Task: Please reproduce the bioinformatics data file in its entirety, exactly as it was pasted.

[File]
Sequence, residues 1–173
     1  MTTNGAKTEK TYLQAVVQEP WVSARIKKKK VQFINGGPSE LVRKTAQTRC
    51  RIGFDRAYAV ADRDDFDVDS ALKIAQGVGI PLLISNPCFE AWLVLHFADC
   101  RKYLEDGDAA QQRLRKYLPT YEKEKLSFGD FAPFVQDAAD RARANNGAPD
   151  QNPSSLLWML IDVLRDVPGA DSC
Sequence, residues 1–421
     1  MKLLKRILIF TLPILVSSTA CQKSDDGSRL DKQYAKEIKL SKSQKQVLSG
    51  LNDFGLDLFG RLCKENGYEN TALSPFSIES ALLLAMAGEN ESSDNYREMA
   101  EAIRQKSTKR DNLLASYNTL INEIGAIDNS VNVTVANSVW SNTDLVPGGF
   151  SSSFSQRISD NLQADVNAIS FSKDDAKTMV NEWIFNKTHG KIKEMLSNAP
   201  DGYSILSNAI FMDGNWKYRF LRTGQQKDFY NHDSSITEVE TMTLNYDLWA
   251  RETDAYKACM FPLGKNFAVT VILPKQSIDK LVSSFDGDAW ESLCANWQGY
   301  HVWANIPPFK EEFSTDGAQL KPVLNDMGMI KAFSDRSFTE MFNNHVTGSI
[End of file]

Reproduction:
Sequence, residues 1–173
     1  MTTNGAKTEK TYLQAVVQEP WVSARIKKKK VQFINGGPSE LVRKTAQTRC
    51  RIGFDRAYAV ADRDDFDVDS ALKIAQGVGI PLLISNPCFE AWLVLHFADC
   101  RKYLEDGDAA QQRLRKYLPT YEKEKLSFGD FAPFVQDAAD RARANNGAPD
   151  QNPSSLLWML IDVLRDVPGA DSC
Sequence, residues 1–421
     1  MKLLKRILIF TLPILVSSTA CQKSDDGSRL DKQYAKEIKL SKSQKQVLSG
    51  LNDFGLDLFG RLCKENGYEN TALSPFSIES ALLLAMAGEN ESSDNYREMA
   101  EAIRQKSTKR DNLLASYNTL INEIGAIDNS VNVTVANSVW SNTDLVPGGF
   151  SSSFSQRISD NLQADVNAIS FSKDDAKTMV NEWIFNKTHG KIKEMLSNAP
   201  DGYSILSNAI FMDGNWKYRF LRTGQQKDFY NHDSSITEVE TMTLNYDLWA
   251  RETDAYKACM FPLGKNFAVT VILPKQSIDK LVSSFDGDAW ESLCANWQGY
   301  HVWANIPPFK EEFSTDGAQL KPVLNDMGMI KAFSDRSFTE MFNNHVTGSI